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By LU 57
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#631011
In my mind football and barbecue go hand-in-hand, hence I know there a lot of guys on here who like to smoke meat.

Anyway, I went exclusively wood/charcoal at least a decade ago. Been using a Big Green Egg, a Weber kettle, and after a lot of research and contemplation added a Chargriller XD offset smoker. I just could not justify the $3-5K that a Franklin, Millscale, or Lonestar would set me back (as positively awesome they all are).

As Sly would likely attest, the offset with Post Oak or Hickory imparts a flavor that is just not possible on other smokers.

Curious to know what other devices/methods you all are using.
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By thepostman
Registration Days Posts
#631012
I'm interested to hear what people have to say on this. I have been dipping my toes into the world of smoking by just adding a smoke box to my traditional propane grill but really want to get a legit smoker but there is just so much out there I don't even know where to start. I end up watching videos and never really commit to anything.
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By LU 57
Posts
#631013
thepostman wrote: September 3rd, 2021, 9:14 am I'm interested to hear what people have to say on this. I have been dipping my toes into the world of smoking by just adding a smoke box to my traditional propane grill but really want to get a legit smoker but there is just so much out there I don't even know where to start. I end up watching videos and never really commit to anything.
Watch this:

https://www.pbs.org/show/bbq-franklin/

You can get a trial on Prime or it is $2.99/month.

I have been smoking stuff for a while but this series really got me motivated to get a “stick burner” (offset smoker).

It’s a really cool overview of all things barbecue from smoker selection to methods, and really cool anecdotes. One of these days I am going to do a Texas barbecue vacation🤣.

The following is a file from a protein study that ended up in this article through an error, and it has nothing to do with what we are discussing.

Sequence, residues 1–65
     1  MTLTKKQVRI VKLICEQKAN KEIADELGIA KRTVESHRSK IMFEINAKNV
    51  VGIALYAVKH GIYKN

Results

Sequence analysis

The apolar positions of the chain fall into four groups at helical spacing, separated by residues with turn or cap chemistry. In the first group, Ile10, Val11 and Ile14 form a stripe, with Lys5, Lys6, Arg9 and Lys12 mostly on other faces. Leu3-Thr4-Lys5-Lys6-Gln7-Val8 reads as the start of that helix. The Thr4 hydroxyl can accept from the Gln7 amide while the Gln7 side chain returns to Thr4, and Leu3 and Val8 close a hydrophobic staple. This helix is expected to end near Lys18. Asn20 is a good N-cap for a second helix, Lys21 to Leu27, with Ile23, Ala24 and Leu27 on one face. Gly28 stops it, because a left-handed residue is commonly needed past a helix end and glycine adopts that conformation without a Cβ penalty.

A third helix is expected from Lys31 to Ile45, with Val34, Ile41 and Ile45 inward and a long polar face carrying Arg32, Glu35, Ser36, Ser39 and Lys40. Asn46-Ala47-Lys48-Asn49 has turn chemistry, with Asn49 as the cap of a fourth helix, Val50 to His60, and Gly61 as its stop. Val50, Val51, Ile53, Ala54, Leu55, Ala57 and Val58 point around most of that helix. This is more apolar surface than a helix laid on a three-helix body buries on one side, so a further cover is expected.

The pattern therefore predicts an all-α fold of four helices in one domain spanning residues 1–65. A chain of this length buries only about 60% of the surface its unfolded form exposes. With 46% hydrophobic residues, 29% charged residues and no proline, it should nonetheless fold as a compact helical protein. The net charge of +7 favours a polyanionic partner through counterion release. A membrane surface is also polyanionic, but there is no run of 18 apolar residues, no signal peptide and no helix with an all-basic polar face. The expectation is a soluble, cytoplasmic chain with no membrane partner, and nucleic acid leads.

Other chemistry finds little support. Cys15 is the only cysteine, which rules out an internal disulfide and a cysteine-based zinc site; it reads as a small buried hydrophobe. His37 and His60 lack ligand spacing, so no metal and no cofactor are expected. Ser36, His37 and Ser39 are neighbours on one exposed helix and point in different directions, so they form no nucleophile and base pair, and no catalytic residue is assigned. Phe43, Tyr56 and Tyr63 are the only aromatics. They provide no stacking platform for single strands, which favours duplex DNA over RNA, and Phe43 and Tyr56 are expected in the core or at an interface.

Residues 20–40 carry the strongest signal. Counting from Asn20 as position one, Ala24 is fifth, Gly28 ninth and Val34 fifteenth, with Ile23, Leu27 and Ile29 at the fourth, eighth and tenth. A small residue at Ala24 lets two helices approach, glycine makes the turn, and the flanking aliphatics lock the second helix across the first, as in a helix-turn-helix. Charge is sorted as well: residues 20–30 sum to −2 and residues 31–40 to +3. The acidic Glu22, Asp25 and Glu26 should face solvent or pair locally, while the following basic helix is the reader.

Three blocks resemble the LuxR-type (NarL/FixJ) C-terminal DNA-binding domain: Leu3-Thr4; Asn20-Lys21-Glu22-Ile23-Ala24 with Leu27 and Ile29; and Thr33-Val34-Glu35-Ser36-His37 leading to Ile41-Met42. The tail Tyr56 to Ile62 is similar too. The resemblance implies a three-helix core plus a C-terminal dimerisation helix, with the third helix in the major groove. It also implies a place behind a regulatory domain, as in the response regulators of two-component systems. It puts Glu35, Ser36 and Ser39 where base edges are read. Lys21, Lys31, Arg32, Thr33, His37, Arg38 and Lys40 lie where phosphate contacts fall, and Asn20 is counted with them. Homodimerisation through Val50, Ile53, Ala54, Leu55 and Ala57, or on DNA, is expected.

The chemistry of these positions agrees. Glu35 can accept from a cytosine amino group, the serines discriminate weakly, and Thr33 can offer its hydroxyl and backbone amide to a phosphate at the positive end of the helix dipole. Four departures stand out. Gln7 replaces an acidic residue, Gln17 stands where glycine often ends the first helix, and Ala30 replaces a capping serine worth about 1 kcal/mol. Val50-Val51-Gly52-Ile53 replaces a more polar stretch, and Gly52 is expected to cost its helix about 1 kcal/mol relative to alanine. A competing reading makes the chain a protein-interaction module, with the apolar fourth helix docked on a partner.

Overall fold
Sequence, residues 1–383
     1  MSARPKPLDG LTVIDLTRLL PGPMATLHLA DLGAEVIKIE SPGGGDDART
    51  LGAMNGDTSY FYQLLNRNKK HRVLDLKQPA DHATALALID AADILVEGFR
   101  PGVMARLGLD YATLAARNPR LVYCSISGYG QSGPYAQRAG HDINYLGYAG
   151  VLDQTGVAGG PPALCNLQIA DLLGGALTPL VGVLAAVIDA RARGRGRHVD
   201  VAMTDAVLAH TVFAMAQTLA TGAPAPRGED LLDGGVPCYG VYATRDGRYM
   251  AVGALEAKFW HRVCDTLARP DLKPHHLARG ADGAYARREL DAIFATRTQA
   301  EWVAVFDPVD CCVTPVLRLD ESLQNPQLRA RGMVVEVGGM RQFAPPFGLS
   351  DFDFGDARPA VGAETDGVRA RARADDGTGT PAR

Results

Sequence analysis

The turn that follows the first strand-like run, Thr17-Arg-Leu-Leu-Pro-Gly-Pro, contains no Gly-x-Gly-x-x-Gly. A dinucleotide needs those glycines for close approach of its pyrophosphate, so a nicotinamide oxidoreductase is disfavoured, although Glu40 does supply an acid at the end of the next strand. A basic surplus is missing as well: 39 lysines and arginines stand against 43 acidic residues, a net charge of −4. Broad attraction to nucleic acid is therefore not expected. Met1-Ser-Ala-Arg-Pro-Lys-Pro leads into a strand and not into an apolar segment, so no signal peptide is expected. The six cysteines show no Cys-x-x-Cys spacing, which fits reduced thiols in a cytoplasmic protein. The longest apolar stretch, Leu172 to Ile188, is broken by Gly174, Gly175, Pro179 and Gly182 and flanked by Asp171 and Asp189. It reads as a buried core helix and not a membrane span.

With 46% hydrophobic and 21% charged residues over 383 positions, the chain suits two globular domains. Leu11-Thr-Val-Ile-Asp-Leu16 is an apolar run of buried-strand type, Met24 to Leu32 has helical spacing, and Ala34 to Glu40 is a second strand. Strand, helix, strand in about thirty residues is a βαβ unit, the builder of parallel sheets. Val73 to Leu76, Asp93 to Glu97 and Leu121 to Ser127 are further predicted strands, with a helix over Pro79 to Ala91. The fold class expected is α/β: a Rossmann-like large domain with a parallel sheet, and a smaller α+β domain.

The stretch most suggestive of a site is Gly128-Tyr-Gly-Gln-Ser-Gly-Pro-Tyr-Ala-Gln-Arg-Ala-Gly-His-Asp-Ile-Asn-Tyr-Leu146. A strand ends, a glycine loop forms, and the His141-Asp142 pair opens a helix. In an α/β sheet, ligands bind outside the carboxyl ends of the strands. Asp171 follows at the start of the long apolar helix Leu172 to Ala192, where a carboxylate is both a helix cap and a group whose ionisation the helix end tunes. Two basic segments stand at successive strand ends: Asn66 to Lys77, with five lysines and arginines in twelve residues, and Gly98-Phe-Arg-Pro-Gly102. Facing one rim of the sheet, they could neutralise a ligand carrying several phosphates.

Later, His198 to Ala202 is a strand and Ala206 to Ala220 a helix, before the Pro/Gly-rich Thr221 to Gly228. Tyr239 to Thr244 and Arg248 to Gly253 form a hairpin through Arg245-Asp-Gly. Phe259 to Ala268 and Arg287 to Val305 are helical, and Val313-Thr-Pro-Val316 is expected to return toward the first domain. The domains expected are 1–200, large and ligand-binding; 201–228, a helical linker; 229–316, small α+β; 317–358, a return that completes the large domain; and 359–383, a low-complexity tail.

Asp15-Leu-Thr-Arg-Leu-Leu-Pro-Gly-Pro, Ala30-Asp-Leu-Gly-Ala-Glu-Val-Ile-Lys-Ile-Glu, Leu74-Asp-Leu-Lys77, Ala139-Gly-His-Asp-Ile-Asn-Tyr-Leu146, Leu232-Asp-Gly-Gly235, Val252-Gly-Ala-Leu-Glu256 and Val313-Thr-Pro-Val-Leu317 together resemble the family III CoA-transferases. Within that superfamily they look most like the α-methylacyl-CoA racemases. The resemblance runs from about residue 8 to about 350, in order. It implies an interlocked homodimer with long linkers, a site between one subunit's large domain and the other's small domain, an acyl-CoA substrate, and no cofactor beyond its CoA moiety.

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By RubberMallet
Registration Days Posts
#631014
I run a modified ok joe offset that i burn sticks with, a Bradley for smoking salmon and cheeses, and Louisiana grill pellet for convenience cooking. With 5 kids, the pellet pooper really has come in handy.

I generally smoke texas style. salt pepper butcher paper, etc. I smoke with all sorts of woods depending upon the meat. on the pellet i burn 50/50 charcoal pellets with whatever other wood pellet i'm using.
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By LU 57
Posts
#631015
RubberMallet wrote: September 3rd, 2021, 9:25 am I run a modified ok joe offset that i burn sticks with, a Bradley for smoking salmon and cheeses, and Louisiana grill pellet for convenience cooking. With 5 kids, the pellet pooper really has come in handy.

I generally smoke texas style. salt pepper butcher paper, etc. I smoke with all sorts of woods depending upon the meat. on the pellet i burn 50/50 charcoal pellets with whatever other wood pellet i'm using.
I love “burning sticks”, but it is not for everyone. New stick every 20-30 minutes. I figure a pellet will be next for me, but not for some time. You happy with the Louisiana?
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By thepostman
Registration Days Posts
#631020
I'd love to get an offset and "burn sticks" but with young kids around I'm not sure how feasible that is so I've been leaning towards a pellet smoker just for the convenience factor.
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By RubberMallet
Registration Days Posts
#631021
its an insulated pit that i supplement with lump so it can burn for 2-4 hours depending upon how hot it is outside.

I really like the louisiana. its an older non wifi model, i'd like to have wifi in the next one i look at. I would say its definitely not for grill use. keep a charcoal/gas grill somewhere. it does claim a 600 degree sear wiht a slidable searing plate but no.
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By RubberMallet
Registration Days Posts
#631022
thepostman wrote:I'd love to get an offset and "burn sticks" but with young kids around I'm not sure how feasible that is so I've been leaning towards a pellet smoker just for the convenience factor.